Creating and managing tasks¶
A task is a unit of execution that lets you do many things concurrently that need waiting on.
This works so that while you can have any number of tasks, the asynchronous event loop can only
run one of them at a time. When the task encounters an
await statement that requires the task
to sleep until something happens, the event loop is then free to work on another task. When the
thing the first task was waiting is complete, the event loop will resume the execution of that task
on the first opportunity it gets.
Task handling in AnyIO loosely follows the trio model. Tasks can be created (spawned) using task groups. A task group is an asynchronous context manager that makes sure that all its child tasks are finished one way or another after the context block is exited. If a child task, or the code in the enclosed context block raises an exception, all child tasks are cancelled. Otherwise the context manager just waits until all child tasks have exited before proceeding.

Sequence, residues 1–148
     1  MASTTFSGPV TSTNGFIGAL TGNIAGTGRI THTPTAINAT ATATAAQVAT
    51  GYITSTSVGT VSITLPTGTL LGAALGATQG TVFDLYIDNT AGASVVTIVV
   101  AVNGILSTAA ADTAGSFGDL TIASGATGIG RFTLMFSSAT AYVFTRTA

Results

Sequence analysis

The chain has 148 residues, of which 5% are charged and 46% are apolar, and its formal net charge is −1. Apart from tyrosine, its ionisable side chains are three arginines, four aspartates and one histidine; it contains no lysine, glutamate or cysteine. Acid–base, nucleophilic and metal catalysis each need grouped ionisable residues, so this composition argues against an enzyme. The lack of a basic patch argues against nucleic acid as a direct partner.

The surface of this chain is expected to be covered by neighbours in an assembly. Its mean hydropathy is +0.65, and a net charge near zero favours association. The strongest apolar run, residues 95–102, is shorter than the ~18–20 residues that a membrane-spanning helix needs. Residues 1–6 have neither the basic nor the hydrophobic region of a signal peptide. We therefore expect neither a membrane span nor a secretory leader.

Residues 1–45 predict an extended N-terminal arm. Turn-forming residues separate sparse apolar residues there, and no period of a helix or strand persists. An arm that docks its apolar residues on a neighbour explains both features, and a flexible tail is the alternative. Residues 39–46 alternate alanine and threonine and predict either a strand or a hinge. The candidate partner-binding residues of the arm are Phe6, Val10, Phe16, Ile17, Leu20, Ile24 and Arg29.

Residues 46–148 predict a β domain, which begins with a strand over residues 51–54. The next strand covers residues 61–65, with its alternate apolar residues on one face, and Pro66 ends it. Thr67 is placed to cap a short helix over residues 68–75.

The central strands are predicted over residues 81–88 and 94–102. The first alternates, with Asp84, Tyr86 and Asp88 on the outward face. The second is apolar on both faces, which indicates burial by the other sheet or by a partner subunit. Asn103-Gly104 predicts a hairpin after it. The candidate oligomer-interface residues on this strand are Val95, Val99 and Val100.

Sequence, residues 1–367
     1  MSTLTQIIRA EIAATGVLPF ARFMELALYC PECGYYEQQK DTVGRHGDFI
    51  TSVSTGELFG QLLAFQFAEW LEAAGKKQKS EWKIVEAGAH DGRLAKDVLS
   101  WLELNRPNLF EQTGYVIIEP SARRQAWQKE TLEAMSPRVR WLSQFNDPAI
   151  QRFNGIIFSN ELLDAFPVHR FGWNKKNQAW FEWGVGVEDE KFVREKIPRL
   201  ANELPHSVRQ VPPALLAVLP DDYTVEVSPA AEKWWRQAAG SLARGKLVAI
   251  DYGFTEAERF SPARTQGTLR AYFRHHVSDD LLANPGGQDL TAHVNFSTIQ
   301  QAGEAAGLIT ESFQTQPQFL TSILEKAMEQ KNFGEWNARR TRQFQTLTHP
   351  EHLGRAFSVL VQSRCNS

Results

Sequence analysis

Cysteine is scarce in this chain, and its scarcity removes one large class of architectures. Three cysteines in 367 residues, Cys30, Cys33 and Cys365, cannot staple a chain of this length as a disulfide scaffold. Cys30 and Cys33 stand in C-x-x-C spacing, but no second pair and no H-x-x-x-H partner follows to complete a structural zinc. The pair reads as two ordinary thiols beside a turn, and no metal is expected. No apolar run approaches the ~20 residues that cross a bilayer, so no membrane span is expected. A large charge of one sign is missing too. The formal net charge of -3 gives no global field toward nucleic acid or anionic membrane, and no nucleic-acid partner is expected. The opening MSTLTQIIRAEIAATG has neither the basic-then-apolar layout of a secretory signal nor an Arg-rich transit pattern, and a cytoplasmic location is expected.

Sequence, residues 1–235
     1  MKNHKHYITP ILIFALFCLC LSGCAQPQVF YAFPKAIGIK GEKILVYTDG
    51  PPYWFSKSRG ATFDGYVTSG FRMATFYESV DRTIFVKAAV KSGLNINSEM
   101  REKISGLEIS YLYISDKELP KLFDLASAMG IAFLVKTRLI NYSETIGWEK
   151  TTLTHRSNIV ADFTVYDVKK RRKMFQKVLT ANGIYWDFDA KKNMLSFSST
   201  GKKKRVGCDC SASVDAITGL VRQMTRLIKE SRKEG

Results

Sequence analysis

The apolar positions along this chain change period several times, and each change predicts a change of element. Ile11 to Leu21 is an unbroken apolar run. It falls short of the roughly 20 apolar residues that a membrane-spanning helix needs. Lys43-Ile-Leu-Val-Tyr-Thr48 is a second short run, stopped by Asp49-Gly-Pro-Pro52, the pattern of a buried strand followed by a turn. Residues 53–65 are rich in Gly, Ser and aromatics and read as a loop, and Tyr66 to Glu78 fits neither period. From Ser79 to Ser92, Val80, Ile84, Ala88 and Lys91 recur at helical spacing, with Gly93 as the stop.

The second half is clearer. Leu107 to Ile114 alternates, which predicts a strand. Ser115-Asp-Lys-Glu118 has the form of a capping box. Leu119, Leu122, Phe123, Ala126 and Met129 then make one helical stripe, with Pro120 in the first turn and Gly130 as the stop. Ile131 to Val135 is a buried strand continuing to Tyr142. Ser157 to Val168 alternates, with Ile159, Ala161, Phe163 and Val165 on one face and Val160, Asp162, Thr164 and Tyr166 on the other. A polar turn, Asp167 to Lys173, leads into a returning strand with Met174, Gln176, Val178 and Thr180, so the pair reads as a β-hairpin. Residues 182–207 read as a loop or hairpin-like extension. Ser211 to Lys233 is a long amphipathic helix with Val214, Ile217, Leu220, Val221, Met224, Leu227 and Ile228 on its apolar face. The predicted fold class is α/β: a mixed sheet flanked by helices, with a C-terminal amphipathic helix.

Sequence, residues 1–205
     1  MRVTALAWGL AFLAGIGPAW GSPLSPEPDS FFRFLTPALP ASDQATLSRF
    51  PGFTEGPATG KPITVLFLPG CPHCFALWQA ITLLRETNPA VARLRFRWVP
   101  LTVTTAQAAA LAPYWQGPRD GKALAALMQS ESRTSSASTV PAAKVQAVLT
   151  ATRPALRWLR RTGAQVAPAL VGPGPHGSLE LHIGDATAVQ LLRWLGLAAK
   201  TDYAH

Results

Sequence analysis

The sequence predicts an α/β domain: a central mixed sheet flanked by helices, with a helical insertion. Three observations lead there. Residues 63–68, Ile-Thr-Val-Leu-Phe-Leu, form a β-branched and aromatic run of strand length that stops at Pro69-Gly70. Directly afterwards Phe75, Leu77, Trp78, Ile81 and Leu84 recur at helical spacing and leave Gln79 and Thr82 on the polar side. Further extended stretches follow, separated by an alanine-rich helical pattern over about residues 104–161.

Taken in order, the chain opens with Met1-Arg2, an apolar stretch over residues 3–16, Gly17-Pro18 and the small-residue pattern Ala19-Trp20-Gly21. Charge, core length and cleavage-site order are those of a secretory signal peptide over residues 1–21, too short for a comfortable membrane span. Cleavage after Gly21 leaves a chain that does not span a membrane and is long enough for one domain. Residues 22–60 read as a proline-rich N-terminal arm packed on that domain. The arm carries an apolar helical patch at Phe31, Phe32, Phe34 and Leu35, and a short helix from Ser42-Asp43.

Here’s a demonstration:
from anyio import sleep, create_task_group, run async def sometask(num): print('Task', num, 'running') await sleep(1) print('Task', num, 'finished') async def main(): async with create_task_group() as tg: for num in range(5): await tg.spawn(sometask, num) print('All tasks finished!') run(main)
Handling multiple errors in a task group¶
It is possible for more than one task to raise an exception in a task group. This can happen when
a task reacts to cancellation by entering either an exception handler block or a
block and raises an exception there. This raises the question: which exception is propagated from
the task group context manager? The answer is “both”. In practice this means that a special
TaskGroupError is raised which contains both exception objects.
Unfortunately this complicates any code that wishes to catch a specific exception because it could
be wrapped in a